More information on PM-2.5 is available in the EPA brochure, Particle Pollution and Your Health (PDF) (318 kB) or on NYSDOH's webpage, Fine Particles (PM-2.5) Questions and Answers.

What can be done to reduce airborne dust or particles?
Airborne dust and particles can be reduced by wetting debris piles and washing streets to prevent dust accumulations and the stirring up of dust by traffic. The supplemental air monitors installed by DEC and EPA are useful in assessing the effectiveness of dust control measures. The supplemental monitor in lower Manhattan is being used to assess the local impact of temporary generators, boilers and dehumidifiers. This equipment is being operated because many buildings are undergoing renovations to their power and heating and ventilation systems due to damage from the storm. The emissions from this temporary equipment are being released in areas surrounded by tall buildings which prevent the normal dispersion of these pollutants. The pollutant levels will be higher in these areas when wind speeds are low particularly in the late evening and early morning. Local residents and workers should avoid being outdoors in these areas for prolonged periods if possible.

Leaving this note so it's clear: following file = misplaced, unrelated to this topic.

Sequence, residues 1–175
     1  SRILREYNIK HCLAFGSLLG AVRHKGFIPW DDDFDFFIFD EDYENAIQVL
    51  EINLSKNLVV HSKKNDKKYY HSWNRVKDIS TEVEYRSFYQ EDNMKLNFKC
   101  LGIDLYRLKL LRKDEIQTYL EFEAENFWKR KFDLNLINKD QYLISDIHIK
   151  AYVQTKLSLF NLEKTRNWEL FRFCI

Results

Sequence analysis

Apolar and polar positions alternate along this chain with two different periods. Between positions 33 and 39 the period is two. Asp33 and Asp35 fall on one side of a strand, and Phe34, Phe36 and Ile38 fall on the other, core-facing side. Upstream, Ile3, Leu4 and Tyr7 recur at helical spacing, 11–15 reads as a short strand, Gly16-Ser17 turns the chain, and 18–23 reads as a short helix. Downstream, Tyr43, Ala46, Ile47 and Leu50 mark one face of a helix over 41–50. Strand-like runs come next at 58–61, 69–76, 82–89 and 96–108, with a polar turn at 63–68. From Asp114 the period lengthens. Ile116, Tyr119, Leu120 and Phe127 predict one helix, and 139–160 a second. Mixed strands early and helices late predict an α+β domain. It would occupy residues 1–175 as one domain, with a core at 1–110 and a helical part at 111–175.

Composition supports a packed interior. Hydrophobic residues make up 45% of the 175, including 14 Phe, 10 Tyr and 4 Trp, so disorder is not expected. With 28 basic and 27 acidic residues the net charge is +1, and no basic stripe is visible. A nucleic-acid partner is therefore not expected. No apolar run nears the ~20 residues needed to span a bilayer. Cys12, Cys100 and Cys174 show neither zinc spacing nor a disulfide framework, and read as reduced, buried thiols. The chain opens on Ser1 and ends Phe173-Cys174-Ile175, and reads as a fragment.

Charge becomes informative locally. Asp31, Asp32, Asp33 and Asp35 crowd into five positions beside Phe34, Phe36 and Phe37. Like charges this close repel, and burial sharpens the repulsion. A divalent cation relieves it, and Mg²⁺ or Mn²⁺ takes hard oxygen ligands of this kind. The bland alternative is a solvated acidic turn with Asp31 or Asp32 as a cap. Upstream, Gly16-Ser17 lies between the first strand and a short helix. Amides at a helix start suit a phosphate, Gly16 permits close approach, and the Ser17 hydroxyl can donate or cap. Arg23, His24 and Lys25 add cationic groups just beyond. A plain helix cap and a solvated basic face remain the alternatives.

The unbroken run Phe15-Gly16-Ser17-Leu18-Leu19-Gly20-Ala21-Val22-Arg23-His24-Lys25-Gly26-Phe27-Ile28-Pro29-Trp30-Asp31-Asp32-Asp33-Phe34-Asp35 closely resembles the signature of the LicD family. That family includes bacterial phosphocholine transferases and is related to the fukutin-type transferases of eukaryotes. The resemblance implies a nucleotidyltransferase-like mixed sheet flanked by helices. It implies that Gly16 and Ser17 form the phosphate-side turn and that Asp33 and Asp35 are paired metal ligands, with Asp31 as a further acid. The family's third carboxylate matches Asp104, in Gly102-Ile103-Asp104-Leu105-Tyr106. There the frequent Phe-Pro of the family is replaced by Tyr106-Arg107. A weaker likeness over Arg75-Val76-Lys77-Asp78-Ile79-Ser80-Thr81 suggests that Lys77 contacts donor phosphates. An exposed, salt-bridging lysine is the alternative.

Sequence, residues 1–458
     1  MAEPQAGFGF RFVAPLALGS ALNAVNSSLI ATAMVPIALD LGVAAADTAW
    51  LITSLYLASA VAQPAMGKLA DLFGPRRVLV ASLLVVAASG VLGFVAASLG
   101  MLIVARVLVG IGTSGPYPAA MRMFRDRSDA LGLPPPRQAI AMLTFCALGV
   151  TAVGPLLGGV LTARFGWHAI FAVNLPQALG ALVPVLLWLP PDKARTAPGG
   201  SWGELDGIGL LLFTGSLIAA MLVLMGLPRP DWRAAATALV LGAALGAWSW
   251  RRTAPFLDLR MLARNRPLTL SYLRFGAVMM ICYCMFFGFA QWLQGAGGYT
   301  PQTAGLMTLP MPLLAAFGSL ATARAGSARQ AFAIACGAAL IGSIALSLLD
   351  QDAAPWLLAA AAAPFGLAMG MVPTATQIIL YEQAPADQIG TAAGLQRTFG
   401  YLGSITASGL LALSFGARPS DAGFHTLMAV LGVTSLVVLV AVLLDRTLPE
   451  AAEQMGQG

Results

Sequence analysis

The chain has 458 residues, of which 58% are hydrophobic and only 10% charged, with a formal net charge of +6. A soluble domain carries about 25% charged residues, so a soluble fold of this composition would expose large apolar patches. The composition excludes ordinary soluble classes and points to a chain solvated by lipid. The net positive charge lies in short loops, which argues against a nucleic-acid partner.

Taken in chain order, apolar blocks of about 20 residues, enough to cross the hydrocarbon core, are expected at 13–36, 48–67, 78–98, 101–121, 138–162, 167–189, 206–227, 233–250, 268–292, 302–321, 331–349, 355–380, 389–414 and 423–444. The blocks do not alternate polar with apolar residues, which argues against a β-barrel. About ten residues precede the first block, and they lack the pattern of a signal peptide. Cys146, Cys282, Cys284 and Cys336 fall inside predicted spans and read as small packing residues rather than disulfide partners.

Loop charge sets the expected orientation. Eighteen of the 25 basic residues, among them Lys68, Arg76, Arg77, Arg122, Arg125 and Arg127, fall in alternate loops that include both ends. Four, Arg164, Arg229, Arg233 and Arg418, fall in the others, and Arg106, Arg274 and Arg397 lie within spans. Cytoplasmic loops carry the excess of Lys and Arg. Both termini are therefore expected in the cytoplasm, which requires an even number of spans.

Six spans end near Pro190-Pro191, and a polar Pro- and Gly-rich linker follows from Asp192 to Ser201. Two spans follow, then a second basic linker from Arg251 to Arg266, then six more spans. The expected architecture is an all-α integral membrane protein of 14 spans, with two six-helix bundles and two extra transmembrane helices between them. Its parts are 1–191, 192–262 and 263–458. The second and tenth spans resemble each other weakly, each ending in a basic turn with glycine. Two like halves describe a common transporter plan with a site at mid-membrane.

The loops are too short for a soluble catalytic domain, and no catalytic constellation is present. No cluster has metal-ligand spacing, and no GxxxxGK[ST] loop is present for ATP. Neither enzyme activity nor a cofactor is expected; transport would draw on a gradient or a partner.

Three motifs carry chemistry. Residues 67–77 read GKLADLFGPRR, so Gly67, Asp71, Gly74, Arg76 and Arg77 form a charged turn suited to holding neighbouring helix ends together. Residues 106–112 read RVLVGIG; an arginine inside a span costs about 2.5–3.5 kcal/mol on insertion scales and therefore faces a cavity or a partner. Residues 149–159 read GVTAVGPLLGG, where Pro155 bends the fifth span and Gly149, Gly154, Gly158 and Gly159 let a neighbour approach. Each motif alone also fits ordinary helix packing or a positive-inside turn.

Where are the supplemental monitors located and what are they showing about the air quality?
The following map shows the locations of the supplemental monitors. The map will be updated as new monitors are installed or removed:

Map showing location of Water Street,Mill Basin,Gerritsen Beach,Staten Island and Rockaway air monitoring stations